In my experience, a novel accrues, over time and from many sources, with ideas and aspects seeming to light up until enough of them form a cluster that can become a story. I read a lot of biographies and I love volumes of letters because they give you authentic voices, the diction and vocabulary of a period. A major plot line in my novel Leeway Cottage came from one sentence in a book of letters by Sylvia Townsend Warner. Her fiction doesn’t speak to me at all, but her letters are brilliant and wonderfully frank and full of the daily details of a life. At one point the love of Sylvia’s life left her for a younger woman who was more beautiful and far richer than Sylvia. She bore it quietly, in spite of being devastated, because she wanted her lover’s happiness even more than she wanted her own. Eventually, Valentine came back, and Sylvia wrote to a friend this incredibly simple explanation: her rival had all the advantages, except that “I was better at loving, and being loved.”
What a thing to say, what a thing to understand.
I think Gossip started with a biography of Emily Post. I’m a longtime fan of Mrs. Post, a very witty writer and brave, self-reliant and deeply considerate woman. Etiquette books in general paint a vivid picture of changing manners and mores, but Post’s are the most fun. From her 1928 edition one learns that is shocking to allow your butler or footmen to sport facial hair of any kind. Who knows, in this Downton Abby world, when that might come in handy? (As you can infer, I find a lot of research material in second hand bookstores.) Mrs. Post is brisk and confident, but a crusader against snobbery and fussiness, and I thought I might do a character based on her, but instead turned out to use Tuxedo Park, the very grand, very early gated community where she spent much of her childhood and where she is buried. It was the perfect symbol for one of the questions the book raises: what does it mean to be an insider in society? What does it mean to choose to be an outsider? A maverick, if you will? By society, I mean any group that sets the tone for a community, be it the local grange in a farming village, or Mrs. Astor’s Four Hundred.
This is real life, but it is also Edith Wharton territory, of course; so many of her New York plots are turned by the terrible power of social judgments and gossip. But in Wharton’s world, and in Mrs. Post’s, there is a recognized social standard and body of opinion. Our world is very different. The true purpose of manners, according to Emily — I think of her as Emily, since she feels to me like a friend — is to treat others with consideration and kindness and avoid making people uncomfortable. In my mother’s youth, good manners required addressing people formally unless you were truly familiars. When she insisted, though, on calling my friends “Mrs. Todd” or “Mr. West” although she was 35 years older than we and we were wearing blue jeans with our hair down to here, it didn’t seem polite, it just seemed weird, really a protest or rebuke, if not actually to us, then to the world for changing and shifting the ground beneath her feet.
So the deal with manners is not propriety, but kindness. Which reminded me of the “Iago question,” which you hear a lot about if you’re an English major. What is his motive, why is he evil? Does he even know? He does seem to be one of the few characters in literature or life who actually knows that he’s mean. So I re-read Othello, and Othello led me again to the subject of gossip, or rather to the fact that knowledge is power, and words are weapons. I began to think of a modern character who winds up doing something like what Iago does, but in such a way that we understand what she thinks she’s doing when she does it. You almost never meet with pure malice outside of a mental ward, but you certainly all the time meet with people who do casual harm to others while feeling swell about themselves, and that seemed like a proper subject for a novel.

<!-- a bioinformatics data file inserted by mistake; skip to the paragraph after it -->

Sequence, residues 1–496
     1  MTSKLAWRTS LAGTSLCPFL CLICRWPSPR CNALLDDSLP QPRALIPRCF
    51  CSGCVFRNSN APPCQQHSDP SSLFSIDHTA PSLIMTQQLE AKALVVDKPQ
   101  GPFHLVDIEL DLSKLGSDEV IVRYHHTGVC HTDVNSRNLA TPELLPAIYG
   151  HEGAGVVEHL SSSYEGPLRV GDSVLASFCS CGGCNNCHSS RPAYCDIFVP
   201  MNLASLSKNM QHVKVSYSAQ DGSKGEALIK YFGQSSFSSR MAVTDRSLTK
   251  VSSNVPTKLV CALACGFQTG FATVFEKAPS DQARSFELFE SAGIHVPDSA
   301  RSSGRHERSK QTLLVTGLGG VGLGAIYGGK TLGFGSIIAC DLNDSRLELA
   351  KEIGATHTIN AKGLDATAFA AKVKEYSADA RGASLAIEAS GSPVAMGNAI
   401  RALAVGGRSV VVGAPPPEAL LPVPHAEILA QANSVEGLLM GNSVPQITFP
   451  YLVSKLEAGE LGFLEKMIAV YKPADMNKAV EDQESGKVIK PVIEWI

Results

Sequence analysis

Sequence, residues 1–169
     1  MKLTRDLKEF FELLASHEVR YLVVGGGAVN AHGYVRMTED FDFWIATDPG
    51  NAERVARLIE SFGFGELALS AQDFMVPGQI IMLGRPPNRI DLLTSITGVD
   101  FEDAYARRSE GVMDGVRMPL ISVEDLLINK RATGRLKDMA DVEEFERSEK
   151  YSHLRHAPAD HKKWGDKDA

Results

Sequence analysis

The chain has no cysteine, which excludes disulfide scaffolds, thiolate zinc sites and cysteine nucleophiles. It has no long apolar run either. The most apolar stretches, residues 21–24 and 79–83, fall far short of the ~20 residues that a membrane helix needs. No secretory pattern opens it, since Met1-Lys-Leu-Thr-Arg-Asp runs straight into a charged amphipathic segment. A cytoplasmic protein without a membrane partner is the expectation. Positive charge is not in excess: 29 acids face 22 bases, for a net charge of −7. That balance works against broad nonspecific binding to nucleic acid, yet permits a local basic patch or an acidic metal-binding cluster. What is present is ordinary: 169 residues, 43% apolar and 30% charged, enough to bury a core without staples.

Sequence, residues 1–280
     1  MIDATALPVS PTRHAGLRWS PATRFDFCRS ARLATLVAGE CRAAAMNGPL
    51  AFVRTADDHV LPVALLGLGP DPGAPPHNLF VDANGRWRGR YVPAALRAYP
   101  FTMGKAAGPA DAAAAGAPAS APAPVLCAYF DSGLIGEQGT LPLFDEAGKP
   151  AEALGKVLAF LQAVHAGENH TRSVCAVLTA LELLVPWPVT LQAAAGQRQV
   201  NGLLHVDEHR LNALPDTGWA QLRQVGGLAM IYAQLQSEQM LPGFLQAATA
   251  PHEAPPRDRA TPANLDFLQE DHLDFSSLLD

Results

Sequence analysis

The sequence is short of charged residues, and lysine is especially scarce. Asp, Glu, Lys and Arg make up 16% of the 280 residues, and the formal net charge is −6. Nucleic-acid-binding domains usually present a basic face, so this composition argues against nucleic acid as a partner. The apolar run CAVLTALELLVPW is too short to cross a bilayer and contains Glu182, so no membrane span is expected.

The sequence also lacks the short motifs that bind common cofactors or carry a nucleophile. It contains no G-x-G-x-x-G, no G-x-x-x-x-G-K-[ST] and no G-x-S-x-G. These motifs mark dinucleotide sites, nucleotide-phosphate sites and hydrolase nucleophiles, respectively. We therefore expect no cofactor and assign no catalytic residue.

But is that really where this particular novel came from? I think we all wonder why some things lodge in memory when we forget so much else; someone once told me we remember moments when we learned things. Here’s a moment from when I was about seven. The subject of rumor had come up, maybe in life, maybe in a book. My mother told us about the girl who went to confession because she’d said something untrue about somebody else. The priest said that as a penance, she was to go outside, cut open a feather pillow, and empty it on the breeze. Then she was to retrieve all the feathers. I remember my childhood bedroom, blue wallpaper, my sister’s horseshow ribbons on a string above the mantel, the clock on the wall in the shape of a black and white cat with eyes and tail that went back and forth as it ticked, and that story.
Beth Gutcheon, author of Gossip, is the critically acclaimed author of eight previous novels: The New Girls, Still Missing, Domestic Pleasures, Saying Grace, Five Fortunes, More Than You Know, Leeway Cottage and Good-bye and Amen. She is the writer of several film scripts, including the Academy Award nominee The Children of Theatre Street. She lives in New York City.
Today at Stiletto Storytime we are not only honored to have author Beth Gutcheon visiting and sharing with us but we also have a copy of Gossip available to one lucky reader. Giveaway ends midnight EST on April 14, 2012. US/Canada addresses only please. Winner will be selected by random number generator and notified by e-mail.
To enter simply comment below and share a memory, person or event that you think might be the starting place for a novel. I loved Beth’s description of her childhood memory about the girl who rips the pillow case and releases the feathers like gossip goes out into the world and can truly never be reversed just as every feather can never be replaced. It’s such a striking image in one’s mind.
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